September 25, 2014

My All-Time Favorite Autumn Poem

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Something told the wild geese
It was time to go,
Though the fields lay golden
Something whispered, "snow."

Leaves were green and stirring,
Berries, luster-glossed,
But beneath warm feathers
Something cautioned, "frost."

All the sagging orchards
Steamed with amber spice,
But each wild breast stiffened
At remembered ice.

Something told the wild geese
It was time to fly,
Summer sun was on their wings,
Winter in their cry.

September 22, 2014

A Little Gift

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In honor of the first day of autumn, I give to you...

A Lovely Maple Leaf With Changing Colors
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September 20, 2014

September 17, 2014

Daughter From Danang

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In 1977, "Operation Baby Lift" brought hundreds of children, orphaned by the Vietnam conflict, to the United States.

But some of the older children could talk and as they formed relationships with their US adopted parents, they told the truth: they were, often, not orphans at all, but simply children who had been scooped up by Americans to be raised by "better" families.

This film is from PBS and tells the story of a woman who was old enough, when Operation Baby Lift took her from home, to remember the truth. But her trip back to Vietnam to meet her mother is upsetting to both her and the viewer.

Click the image to watch the movie. It's 1:20:06.

Daughter From Danang

September 11, 2014

September 5, 2014

September 1, 2014

Back To School

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I am certain I will always live mentally in the school year. That is, the first month of the "year" is September and the last is May. June, July and August are free, although August is tinged with a mixture of anxiety and anticipation. Because school is starting! Every September I remember it all: the smells of the waxed halls and the new supplies, the noise of children, the Monday through Friday work-a-day that is the world of a child.
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First there was the getting to school. Our Safety Patrol wore orange sashes (the photo here is before my time, I can tell by the cars) and I so wanted to be one of them someday.

They also left school fifteen minutes early to get to their stations. Some Safety Patrol kids let it go to their heads, a bit like Hitler Youth, but these bigger kids kept us alive for our journey to and from school.



We didn't have desks in kindergarten (much to my dismay) but the pic on the right shows just the kind of desks we had when I was in first grade onward. The lids lifted up and could be real finger-pinchers, but never mind...I had a desk! Ours were so old that the hole in the middle on the top flat part was probably an inkwell, but we kept our glue in that. It was amazing how much those desks could hold!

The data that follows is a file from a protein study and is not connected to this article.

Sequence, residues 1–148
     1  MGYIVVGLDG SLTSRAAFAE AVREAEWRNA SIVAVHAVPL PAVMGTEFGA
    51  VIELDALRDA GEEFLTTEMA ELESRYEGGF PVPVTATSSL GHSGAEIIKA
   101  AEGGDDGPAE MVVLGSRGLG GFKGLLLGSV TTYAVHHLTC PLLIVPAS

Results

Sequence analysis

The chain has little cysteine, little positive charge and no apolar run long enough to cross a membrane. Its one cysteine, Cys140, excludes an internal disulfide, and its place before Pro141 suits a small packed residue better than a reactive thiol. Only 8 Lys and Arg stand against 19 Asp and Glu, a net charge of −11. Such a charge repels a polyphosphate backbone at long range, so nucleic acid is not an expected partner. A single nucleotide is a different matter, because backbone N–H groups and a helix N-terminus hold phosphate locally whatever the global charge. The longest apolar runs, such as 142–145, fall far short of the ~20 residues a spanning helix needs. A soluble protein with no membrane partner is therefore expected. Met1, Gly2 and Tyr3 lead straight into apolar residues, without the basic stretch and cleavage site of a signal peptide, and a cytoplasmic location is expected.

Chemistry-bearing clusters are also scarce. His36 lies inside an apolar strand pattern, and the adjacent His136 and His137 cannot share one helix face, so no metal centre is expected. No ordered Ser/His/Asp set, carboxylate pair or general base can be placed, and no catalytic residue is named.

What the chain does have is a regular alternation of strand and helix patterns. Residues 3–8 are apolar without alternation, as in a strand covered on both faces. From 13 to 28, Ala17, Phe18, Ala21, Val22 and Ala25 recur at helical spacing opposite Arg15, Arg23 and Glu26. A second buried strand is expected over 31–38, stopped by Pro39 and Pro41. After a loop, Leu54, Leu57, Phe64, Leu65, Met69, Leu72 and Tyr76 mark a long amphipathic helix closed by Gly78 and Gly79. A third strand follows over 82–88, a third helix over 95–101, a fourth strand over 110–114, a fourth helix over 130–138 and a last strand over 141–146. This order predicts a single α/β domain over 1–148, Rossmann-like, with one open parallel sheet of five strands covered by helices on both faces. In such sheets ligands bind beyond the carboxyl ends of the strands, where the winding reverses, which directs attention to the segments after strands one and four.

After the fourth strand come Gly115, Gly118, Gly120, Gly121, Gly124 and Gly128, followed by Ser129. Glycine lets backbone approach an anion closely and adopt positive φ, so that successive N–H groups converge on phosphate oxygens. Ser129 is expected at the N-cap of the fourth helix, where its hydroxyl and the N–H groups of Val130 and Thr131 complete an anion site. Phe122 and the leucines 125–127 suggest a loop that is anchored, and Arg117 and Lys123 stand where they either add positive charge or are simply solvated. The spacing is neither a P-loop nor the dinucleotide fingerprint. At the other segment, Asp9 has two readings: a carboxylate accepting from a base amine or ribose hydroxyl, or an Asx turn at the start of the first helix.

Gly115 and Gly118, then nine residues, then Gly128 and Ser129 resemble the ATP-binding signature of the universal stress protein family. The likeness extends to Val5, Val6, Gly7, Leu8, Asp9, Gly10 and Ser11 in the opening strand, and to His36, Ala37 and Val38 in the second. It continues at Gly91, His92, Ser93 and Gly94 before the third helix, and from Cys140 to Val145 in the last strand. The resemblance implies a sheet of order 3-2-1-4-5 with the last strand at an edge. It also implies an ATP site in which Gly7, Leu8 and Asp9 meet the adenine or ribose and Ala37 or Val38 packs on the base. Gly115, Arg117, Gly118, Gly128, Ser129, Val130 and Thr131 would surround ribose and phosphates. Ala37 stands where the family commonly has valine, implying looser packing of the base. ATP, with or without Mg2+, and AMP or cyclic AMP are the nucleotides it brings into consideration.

They were also good for hiding one's head. I remember doing that but I forget the details of why.
 
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 photo HighschoolDesk.jpg Just by the way, the desk at the left was what we had by junior high school. They were easily adjustable and there was that basket under the seat...and they are so very streamlined...but they weren't desks like above. They were more like tables with chairs hooked on.




I don't know what's going on in the picture at the left, and it's way older than I am, but I remember putting our heads down on our desks for any number of reasons, all of which came back to the teacher being at the end of her rope.

However, we did sometimes do this when the teacher read to us.

In second grade, Mrs. Rhodes read the whole "Little House" series to us, starting on the first day of school. I already had passing familiarity with the books, but those after-lunch reading times were precious indeed.
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 photo SRA.jpg The SRA Reading Lab come into our classroom when I was in the fourth grade. You started at the front with the "lowest" level color and worked toward the back.

It was all self-monitored; you read the card, which was a story or some informational writing, and then took a short test to measure your comprehension.

But now that I think about it, there must've been some kind of teacher intervention or I would have cheated my way to the last color. Not that I would've had to cheat; I'm a good reader and always have been.

I say that last part with the assurance of someone who can't do math to save her life. I can read. 
Even as a grade-schooler, I had the presence of mind to wonder why our wall-mounted pencil sharpener had so many holes. What in the world was that smallest hole for, golf pencils?

And if they don't want you sharpening your crayons in the pencil sharpener, they darn well shouldn't have a hole that perfectly accommodates a crayon.
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 photo BigChiefTablet.jpg Oh, how I miss Big Chief tablets! They were 8.5 X 11 lined newsprint, perfect for "ordinary" work at school and for great stuff at home. If they still existed today, I'd buy in bulk and use them for everything.

When my husband and I visited the Laura Ingalls Wilder Home And Museum in Mansfield, MO, we saw Laura's first words to the first book of her series (Little House In The Big Woods) and she wrote it on a Big Chief tablet. That took my breath away. A regular Big Chief tablet that she probably bought at the Mansfield drugstore!

What's good enough for Laura is better than perfect for me.